Edgar Alan Rickard, D/b/a Trader Publications of Alabama,plaintiff-appellant, v. Auto Publisher, Inc., a Corporation, Defendant-appellee, 735 F.2d 450 (11th Cir. 1984)

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US Court of Appeals for the Eleventh Circuit - 735 F.2d 450 (11th Cir. 1984)

July 2, 1984

John Martin Galese, Birmingham, Ala., for plaintiff-appellant.

Peck & Slusher, John R. Benn, Rodney B. Slusher, Florence, Ala., for defendant-appellee.

Appeal from the United States District Court for the Northern District of Alabama.

Before GODBOLD, Chief Judge, JOHNSON and CLARK, Circuit Judges.

CLARK, Circuit Judge:

Appellant, Edgar Alan Rickard, d/b/a Trader Publications of Alabama (Rickard), appeals from a judgment in an unfair competition action in which the district court found that appellee, Auto Publisher, Inc. (Auto Publisher), had misappropriated appellant's unregistered trademark and had violated a preliminary injunction, but denied Rickard's request for damages and attorneys' fees. The court had bifurcated the trial such that the question of unfair competition and contempt would be tried first and the question of relief addressed in a later hearing. The court conducted a non-jury trial and found for appellant on the unfair competition and contempt matters but declined to hold a hearing on the question of damages and attorneys' fees, finding that, as a matter of law, appellant was not entitled to such relief. Appellant contends in this appeal that the district court erred in denying him the opportunity to prove his entitlement to the relief sought.

In March 1979, appellant purchased from Trader Publications for $7,500 a license to publish "Auto Trader" magazine in and around Birmingham, Alabama. Auto Trader is a local weekly publication advertising used vehicles for sale. The publisher derives its income from the magazine's advertisers and from sales at convenience stores. Initially, Rickard sold Auto Trader in Jefferson, Shelby, Etowah, Calhoun, St. Clair, Cullman, Walker, Winston and Morgan Counties. By late 1980, Rickard had penetrated Madison, Talladega, Montgomery, Elmore, Bibb, Tuscaloosa, Hale, Jackson, DeKalb and Blount Counties. Rickard's licensing agreement was then amended, extending its territory to all of "North Alabama."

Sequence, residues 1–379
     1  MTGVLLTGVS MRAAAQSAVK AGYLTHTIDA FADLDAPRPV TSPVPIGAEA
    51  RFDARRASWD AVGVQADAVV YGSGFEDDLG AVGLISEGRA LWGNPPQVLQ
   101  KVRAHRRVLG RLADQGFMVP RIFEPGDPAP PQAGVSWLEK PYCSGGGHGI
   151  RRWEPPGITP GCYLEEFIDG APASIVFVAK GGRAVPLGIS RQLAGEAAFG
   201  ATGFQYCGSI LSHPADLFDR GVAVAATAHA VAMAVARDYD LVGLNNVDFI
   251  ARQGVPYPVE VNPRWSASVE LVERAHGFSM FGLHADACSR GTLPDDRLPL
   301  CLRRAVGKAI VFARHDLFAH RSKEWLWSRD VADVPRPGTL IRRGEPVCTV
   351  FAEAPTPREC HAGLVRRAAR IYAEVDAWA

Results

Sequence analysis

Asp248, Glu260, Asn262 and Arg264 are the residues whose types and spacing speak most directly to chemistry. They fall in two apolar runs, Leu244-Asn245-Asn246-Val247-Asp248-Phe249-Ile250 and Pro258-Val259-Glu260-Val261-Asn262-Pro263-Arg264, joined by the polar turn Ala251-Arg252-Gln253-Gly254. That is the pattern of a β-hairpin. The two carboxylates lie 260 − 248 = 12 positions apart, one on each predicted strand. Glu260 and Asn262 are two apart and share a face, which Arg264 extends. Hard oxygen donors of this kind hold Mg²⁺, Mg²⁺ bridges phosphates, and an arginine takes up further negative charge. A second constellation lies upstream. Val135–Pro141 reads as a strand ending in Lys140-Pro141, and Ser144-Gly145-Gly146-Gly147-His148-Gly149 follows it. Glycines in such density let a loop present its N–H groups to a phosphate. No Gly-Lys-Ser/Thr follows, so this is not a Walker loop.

In 1980, appellee began publishing a magazine called "Auto Weekly Publisher" in Lauderdale and Colbert Counties. Like Rickard's magazine, appellee's publication advertised used vehicles for sale. Appellee subsequently extended its sales into counties in which Rickard was already selling his magazine.

In September 1982, Rickard filed suit for relief under the Lanham Act, 15 U.S.C. § 1051, et seq. (1982), the Alabama Fair Trade Practices Act, Ala.Code Sec. 8-19-1, et seq. (Supp.1983), and under the state common law doctrine of unfair competition. Specifically, Rickard sought a preliminary and permanent injunction, compensatory and exemplary damages, an accounting of appellee's profits, attorneys' fees, and costs. Rickard had no copyright or registered trademark protecting his magazine; however, appellant alleged that the manner, design and style of the publication was his distinctive trademark, and that appellee had misappropriated that trademark.

On October 14, 1982, the district court held a hearing on Rickard's request for a preliminary injunction. On October 21, 1982, the court entered its findings of fact and preliminarily enjoined Auto Publisher. Among these findings were the following: (1) Rickard and appellee compete in many of the same counties; (2) the magazines shared many similar features, and recent issues were increasingly similar; (3) there had been actual confusion by members of the buying public; (4) because appellee's infringement did not have to be intentional to support the issuance of a preliminary injunction, the court made "no finding at this time as to intentional wrong"; (5) Rickard's format, layout and method were sufficiently unique and distinctive to warrant protection under the Lanham Act; and (6) Rickard's damages were possibly irreparable, though difficult to calculate.

On November 5, 1982, Rickard filed a motion for an order to show cause why Auto Publisher should not be held in contempt for violating the preliminary injunction issued on October 21. This motion was consolidated with the trial of the unfair competition claim on the merits. Trial was set for January 12, 1983.

On the day of trial, the district court entered a pretrial order. That order, first, set forth the parties' positions, stating, inter alia, that appellant sought "an accounting for all profits earned by [appellee], attorney's fees, treble damages, punitive damages and costs...." Further, the order specified that a non-jury, bifurcated trial would be held. The court would conduct the first part on January 12 to determine liability and decide Rickard's motion to show cause. The second part of the trial would determine appellee's profits, attorney's fees, costs and other damages in a later hearing.